New Boston police commissioner placed on leave after past domestic assault allegations surface

Officials+who+work+in+Boston+City+Hall%2C+including+Mayor+Marty+Walsh+and+City+Council+President+Kim+Janey%2C+have+expressed+concerns+about+the+allegations+against+Dennis+White.+

Dana Murtada

Officials who work in Boston City Hall, including Mayor Marty Walsh and City Council President Kim Janey, have expressed concerns about the allegations against Dennis White.

Ethan Wayne, breaking news editor

Dennis White, who was sworn in as Boston police commissioner after the sudden retirement of William Gross, has been placed on administrative leave pending investigation into domestic assault allegations from 1999. 

White was appointed as acting police commissioner Jan. 29 before being officially sworn in Feb. 1. His placement on leave Feb. 3 marks White’s term as the shortest in Boston city history of any police commissioner at only two days. 

According to the Boston Globe, a restraining order that was issued in 1999 forced White out of his home and away from his wife and children. No evidence was found that White was charged with a crime.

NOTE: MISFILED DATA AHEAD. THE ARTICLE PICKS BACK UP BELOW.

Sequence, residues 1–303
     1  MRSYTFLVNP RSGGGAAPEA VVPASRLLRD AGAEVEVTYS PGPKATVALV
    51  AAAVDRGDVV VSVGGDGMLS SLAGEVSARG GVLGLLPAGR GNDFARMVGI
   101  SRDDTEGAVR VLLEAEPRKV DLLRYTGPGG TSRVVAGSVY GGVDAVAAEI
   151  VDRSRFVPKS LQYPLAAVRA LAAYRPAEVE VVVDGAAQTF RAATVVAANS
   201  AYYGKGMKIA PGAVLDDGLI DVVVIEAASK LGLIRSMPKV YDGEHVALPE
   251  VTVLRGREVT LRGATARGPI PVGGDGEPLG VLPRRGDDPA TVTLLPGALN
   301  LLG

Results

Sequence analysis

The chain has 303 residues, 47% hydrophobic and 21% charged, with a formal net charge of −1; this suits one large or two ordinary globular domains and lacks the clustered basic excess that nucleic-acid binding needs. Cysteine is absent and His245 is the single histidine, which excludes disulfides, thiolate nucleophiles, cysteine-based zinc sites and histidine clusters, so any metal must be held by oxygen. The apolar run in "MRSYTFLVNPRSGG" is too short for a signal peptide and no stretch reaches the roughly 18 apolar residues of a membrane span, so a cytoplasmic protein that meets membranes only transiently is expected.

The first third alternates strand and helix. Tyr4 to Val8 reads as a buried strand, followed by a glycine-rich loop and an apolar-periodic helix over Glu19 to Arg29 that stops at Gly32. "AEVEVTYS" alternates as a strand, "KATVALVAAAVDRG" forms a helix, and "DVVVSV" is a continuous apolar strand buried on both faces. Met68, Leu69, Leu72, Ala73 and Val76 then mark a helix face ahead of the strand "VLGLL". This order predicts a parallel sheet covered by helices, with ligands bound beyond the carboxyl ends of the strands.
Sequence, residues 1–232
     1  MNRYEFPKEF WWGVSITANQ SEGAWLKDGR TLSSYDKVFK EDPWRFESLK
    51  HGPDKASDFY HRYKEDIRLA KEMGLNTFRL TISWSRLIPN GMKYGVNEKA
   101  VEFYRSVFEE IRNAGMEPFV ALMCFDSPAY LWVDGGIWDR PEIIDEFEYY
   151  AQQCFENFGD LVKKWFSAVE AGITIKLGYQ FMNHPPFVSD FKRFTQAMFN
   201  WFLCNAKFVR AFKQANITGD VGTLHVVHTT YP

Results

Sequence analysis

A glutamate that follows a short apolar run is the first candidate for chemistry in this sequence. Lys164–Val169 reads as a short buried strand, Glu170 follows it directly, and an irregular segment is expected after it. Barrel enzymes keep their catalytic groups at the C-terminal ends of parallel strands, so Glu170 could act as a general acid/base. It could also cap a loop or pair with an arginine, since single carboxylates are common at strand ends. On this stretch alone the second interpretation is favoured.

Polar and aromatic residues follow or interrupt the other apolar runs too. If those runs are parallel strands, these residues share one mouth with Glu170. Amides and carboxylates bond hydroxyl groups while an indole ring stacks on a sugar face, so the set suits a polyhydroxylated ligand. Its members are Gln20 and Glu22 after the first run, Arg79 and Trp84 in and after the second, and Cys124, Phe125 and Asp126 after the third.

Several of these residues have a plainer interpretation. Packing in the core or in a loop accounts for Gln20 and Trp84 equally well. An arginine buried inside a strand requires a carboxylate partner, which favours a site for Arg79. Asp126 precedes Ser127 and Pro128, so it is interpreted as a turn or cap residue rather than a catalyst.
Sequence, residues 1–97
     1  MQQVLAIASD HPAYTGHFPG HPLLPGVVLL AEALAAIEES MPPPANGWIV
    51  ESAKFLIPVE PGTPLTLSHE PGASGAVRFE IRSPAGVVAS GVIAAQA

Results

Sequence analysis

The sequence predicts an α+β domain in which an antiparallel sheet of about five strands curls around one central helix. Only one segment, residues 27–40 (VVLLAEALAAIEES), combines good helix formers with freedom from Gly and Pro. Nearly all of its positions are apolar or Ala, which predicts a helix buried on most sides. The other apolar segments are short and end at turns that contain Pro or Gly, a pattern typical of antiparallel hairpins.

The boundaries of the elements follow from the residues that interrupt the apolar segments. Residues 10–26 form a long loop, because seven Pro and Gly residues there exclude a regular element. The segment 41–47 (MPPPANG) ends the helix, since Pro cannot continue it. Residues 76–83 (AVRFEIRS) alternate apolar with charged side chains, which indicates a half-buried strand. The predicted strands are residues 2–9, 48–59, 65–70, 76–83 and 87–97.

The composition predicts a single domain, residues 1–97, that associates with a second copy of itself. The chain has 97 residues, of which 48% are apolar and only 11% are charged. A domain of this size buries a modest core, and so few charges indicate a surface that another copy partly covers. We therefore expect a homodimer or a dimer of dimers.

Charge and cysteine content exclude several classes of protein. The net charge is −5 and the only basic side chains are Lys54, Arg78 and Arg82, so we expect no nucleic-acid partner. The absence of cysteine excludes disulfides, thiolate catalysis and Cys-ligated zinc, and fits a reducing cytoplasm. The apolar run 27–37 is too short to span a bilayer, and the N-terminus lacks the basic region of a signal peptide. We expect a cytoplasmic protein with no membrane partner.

At the time of the order, White’s wife, whose identity is unknown for privacy reasons, said she was, “afraid that he may come inside and kill me because he is angry.” White’s attorney denied the claims of physical abuse during their divorce proceedings one year later. 

Boston Mayor Marty Walsh appointed Superintendent-in-Chief Gregory Long to serve as acting commissioner while the city prepares an investigation into the domestic violence claims. Walsh indicated his expectation for a “full and impartial investigation” into the allegations. 

The controversy comes just as Walsh arrives in D.C. for his nomination hearing as President Joe Biden’s labor secretary. Walsh was quick to squash any rumors that he failed to act on this information.

“These disturbing issues were not known to me or my staff, but should have been at the forefront,” said Walsh. “Upon learning of these serious allegations, I immediately acted.”

City Council President Kim Janey also expressed her concern for the allegations before the suspension was announced. 

“I have had the opportunity to work with Commissioner White while on the Council, but this is the first I am hearing of this issue, and I am deeply concerned,” Janey said. “The public deserves transparency.”

Janey will become acting mayor after Walsh’s departure. 

According to Boston Police Department Rule 327A, arrest is the “preferred response” in regard to domestic violence situations involving departmental employees. At this time there is no indication of whether or not White will face official charges.